They kept the original ladder that was used in the firehouse when they remodeled the home. This led to a loft area, but the homeowners kept it more for historic purposes than for practical reasons.

By julies — On May 17, 2012

The bedroom in the house where I grew up had a loft area above it that was used for storage. There was a set up loft ladder stairs that came down from the ceiling.

You needed a tall chair or ladder to reach the door that pulled these stairs down. This area didn't get used very often because there was no heat or air conditioning up there.

Most everything that was stored up there were things that we didn't use anymore or we just wanted to get out of the way.

I always liked the idea of having a loft area above my bedroom. It was almost like a I had a secret place where I could hide if I wanted to.

By sunshined — On May 16, 2012

We live in a log cabin with a loft area that includes the master bedroom, bathroom and a small sitting area.

The stairs leading up to our loft are wood stairs that are open. The only disadvantage to these stairs is that they can be kind of slick.

When we first moved to the house, my dog was afraid of these open stairs and would not go up them for a long time.

Even though this is where we slept at night, it was several months before she felt comfortable going up and down these open stairs.

My cat, on the other hand, didn't mind them one bit, and enjoyed knowing she didn't have to share the area with the dog.

By sunnySkys — On May 16, 2012
I've seen a set of those alternating tread loft access stairs. I have to say, I wasn't wild about the idea. You have to start at the bottom on the right food, or else you won't be walking on the tread!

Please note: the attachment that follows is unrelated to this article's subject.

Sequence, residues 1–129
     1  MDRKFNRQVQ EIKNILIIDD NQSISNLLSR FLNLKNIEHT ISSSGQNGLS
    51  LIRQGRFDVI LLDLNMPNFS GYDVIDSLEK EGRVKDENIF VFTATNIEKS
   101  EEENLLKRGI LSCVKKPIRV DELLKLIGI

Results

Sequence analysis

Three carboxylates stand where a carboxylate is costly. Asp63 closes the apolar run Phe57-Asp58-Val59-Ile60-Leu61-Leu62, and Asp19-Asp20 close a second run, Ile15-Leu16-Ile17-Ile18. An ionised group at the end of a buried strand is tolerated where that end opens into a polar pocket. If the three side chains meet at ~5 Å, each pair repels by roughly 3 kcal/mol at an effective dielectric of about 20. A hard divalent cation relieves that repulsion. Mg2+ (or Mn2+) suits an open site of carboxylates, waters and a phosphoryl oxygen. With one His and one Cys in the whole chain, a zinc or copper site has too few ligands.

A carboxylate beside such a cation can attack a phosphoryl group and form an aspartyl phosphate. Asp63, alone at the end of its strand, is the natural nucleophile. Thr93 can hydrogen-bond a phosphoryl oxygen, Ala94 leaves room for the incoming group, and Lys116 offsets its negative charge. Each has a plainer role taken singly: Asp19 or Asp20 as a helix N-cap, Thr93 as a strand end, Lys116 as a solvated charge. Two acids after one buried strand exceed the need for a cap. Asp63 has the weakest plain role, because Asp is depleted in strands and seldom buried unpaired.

I suppose if I lived somewhere with these stairs, I would get into the habit of starting on the correct foot. But maybe not! I think it would be a pain to have to seriously think about which foot you start on to walk up stairs in your home.

By strawCake — On May 15, 2012

@JessicaLynn - Spiral staircases are pretty neat looking, but I don't think it would be worth risking your safety to have in your apartment. However, spiral staircases do take up less space than straight staircases, in my opinion.

I've never lived in an apartment with a loft, but when I was in college one of my good friends had a loft with stairs in her apartment. She had folding stairs for her loft, because it was rather small. She used the loft for storage, which worked out rather well because there wasn't much closet space in that apartment.

By JessicaLynn — On May 14, 2012

When I was hunting for a new apartment the last time around, I looked at a few places that had lofts. I really like the idea of a loft, because it adds more space to the apartment.

One of the places I looked at had loft spiral stairs made of metal. They looked really cool, but they were so small and slippery that I think I would have hurt myself by falling down the stairs. I decided not to rent that apartment.

Then I looked at another place with a loft that I didn't like either! The stairs were carpeted, but they were just too big for the rest of the apartment. I ended up just renting a place without a loft.